At San Francisco Ballet, Program 8 is an evening of three world premieres. It opens with Julia Adam's "Imaginal Disc." This is an elegant piece, like fine diamonds with music by Matthew Pierce. The music is baroque, very reminiscent of Couperin. The movement is like the figures on Greek vases or Egyptian hieroglyphs. It's the first ballet that Adam created after the birth of her child, and the name is the same as the bag of cells that allows a caterpillar to morph into a butterfly.

A single man is joined by another and another, until there are six. They represent the eggs. Six women are behind a giant piece of net at the back of the stage in vague, dimly lit shapes. This netting is present throughout the ballet. The women are visible for the second movement. They are joined into a single shape, apparently asleep. It represents the egg cracking. When they come apart, Leslie Young and Rubin Martin do a beautiful pas de deux. He holds her against him, and she fully extends her arms and legs out, as he supports and spins her. She bends down in a position like a praying mantis. They do an almost ceremonial dance around her, lift her straight up in that position, lay her out entirely flat over their heads, roll her over, and put her back down in that position. They do a pas de deux with the extension and spin with the two figures centrally lit, and alone on the stage for the conclusion of "Imaginal Disc" by Julia Adam.

"Le Carnival des Animaux" is a comic piece choreographed by Alexei Ratmansky to the music of Camille Saint-Saens. It has some incredibly smooth and sassy laughs. It opens with a Lion lying on the floor. Other dancers/amimals survey him as he rises up. The head and skin slide off the front and his wild hair flies around. He plays with the other animals, they run off, and one falls down. That's his kill and he sheepishly shields it from three ballerinas who sneak up and steal it from him.

The Elephant, Amanda Schull, is a curious creature who kicks, extends, and pirouettes against the bass strings of the orchestra. It's a strange combination and her exaggerated movements are great, even as she holds her nose like a trunk. A pas de deux follows and she throws herself into the guy's arms, stretching out parallel to the floor about one and a half feet off it. The cast lists a lot of barnyard animals, like hens, a cockerel, and horses, but it seemed like a gloriously funny parody of "The Nutcracker" to me. Black Snowflakes danced around a central figure. There's a spritely pas de quartre, and seven men kick and jump, while two women laugh together and mock them. The women are each surrounded by a group of men, lifted and carried before a large group of women surround, conquer, and stand on the men. Finally, there's a wildly funny spoof on "The Dying Swan." Katita Waldo's movements are grossly exaggerated. The other dancers lie on the floor waving their arms. The Swan stumbles, gracefully, in the melodramatic conclusion that's worthy of the sappiest opera in this outrageous "Le Carnaval des Animaux. This along with "Tu Tu" will be reprised next season.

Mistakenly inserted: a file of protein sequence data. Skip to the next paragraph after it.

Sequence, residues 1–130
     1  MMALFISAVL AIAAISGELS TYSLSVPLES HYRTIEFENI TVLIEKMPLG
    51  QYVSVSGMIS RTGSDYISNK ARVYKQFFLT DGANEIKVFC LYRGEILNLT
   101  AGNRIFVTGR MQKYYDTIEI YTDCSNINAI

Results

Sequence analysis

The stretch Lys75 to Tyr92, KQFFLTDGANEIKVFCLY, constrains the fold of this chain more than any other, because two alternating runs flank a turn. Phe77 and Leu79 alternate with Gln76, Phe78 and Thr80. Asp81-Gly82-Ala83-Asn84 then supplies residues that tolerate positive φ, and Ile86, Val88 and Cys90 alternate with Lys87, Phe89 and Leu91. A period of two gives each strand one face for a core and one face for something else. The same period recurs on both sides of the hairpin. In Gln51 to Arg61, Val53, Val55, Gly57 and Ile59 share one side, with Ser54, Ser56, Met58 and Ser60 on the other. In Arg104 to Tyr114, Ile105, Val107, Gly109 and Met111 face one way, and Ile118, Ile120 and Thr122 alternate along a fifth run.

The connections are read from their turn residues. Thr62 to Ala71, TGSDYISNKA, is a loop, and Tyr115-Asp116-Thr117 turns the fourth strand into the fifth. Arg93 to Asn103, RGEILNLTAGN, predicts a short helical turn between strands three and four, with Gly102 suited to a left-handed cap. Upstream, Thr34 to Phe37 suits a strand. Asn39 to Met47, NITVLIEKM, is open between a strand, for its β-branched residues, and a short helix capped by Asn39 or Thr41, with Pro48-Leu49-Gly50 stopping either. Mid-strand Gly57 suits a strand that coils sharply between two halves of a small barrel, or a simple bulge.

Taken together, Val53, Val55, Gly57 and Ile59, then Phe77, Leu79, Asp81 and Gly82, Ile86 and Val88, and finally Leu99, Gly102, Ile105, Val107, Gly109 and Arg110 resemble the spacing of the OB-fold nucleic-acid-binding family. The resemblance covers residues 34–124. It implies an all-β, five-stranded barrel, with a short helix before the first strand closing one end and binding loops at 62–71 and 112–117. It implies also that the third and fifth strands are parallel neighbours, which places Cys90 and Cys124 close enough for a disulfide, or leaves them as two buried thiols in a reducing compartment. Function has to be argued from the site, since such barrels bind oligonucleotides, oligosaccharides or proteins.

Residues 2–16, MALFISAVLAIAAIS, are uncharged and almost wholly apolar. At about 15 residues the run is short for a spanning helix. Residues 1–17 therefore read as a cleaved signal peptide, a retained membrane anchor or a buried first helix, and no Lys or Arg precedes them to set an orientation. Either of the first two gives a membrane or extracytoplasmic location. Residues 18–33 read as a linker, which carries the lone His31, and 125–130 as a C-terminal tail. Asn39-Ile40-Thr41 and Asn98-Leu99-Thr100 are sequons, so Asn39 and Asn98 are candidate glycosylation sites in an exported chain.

"Tu Tu" is the final world premiere choreographed by Stanton Welch to Ravel's "Piano Concerto in G." The background is black with a big column of light cut in the backdrop from which many dancers enter and exit. A single dancer opens this work, and she is joined by several others from the back. Then women are held high and carried off the stage. One couple do a delicate frilly pas de deux. There are three sets of partners: Kristen Long with Gonzalo Garcia, Muriel Maffre with Parrish Maynard, and Yuan Yuan Tan with Damian Smith. Eight or so couples join the partners with lively kicks and lifts before giving way to another pas de deux. It's like a waterfall as he lifts her high, spins her, and she wraps herself around him and slides down and around.

"Tu Tu" is a work with a lot of smooth, subtle transitions. One couple is replaced by the ensemble, and just fades out through the dusk, before being replaced by another couple, while the ensemble fades to the back or off to the sides. These transitions provide some of the most charming effects of the work. Muriel is surrounded by four men before giving way to another pas de deux with Yuan Yuan and Damian. He lifts and carries her. She turns and spins with sweeping arm movements, and it's like cascading bodies over fast river rapids. Four ballerinas do slow deliberate turns and bends in a supremely romantic passage with the ladies lifted high. Yuan Yuan is carried in from the back in a dramatic entrance as the others float on point and fade off at the back, fading into the darkness. Muriel does a sensuous solo on point; the ballerina spins in between two lines that cross and mesh, with a line of men at the back. One ballerina spins while four others fall off to the sides in this supremely elegant finale to "TuTu," the conclusion of Program 8, world premiere night. The San Francisco Ballet season continues through May 14 at the Opera House.

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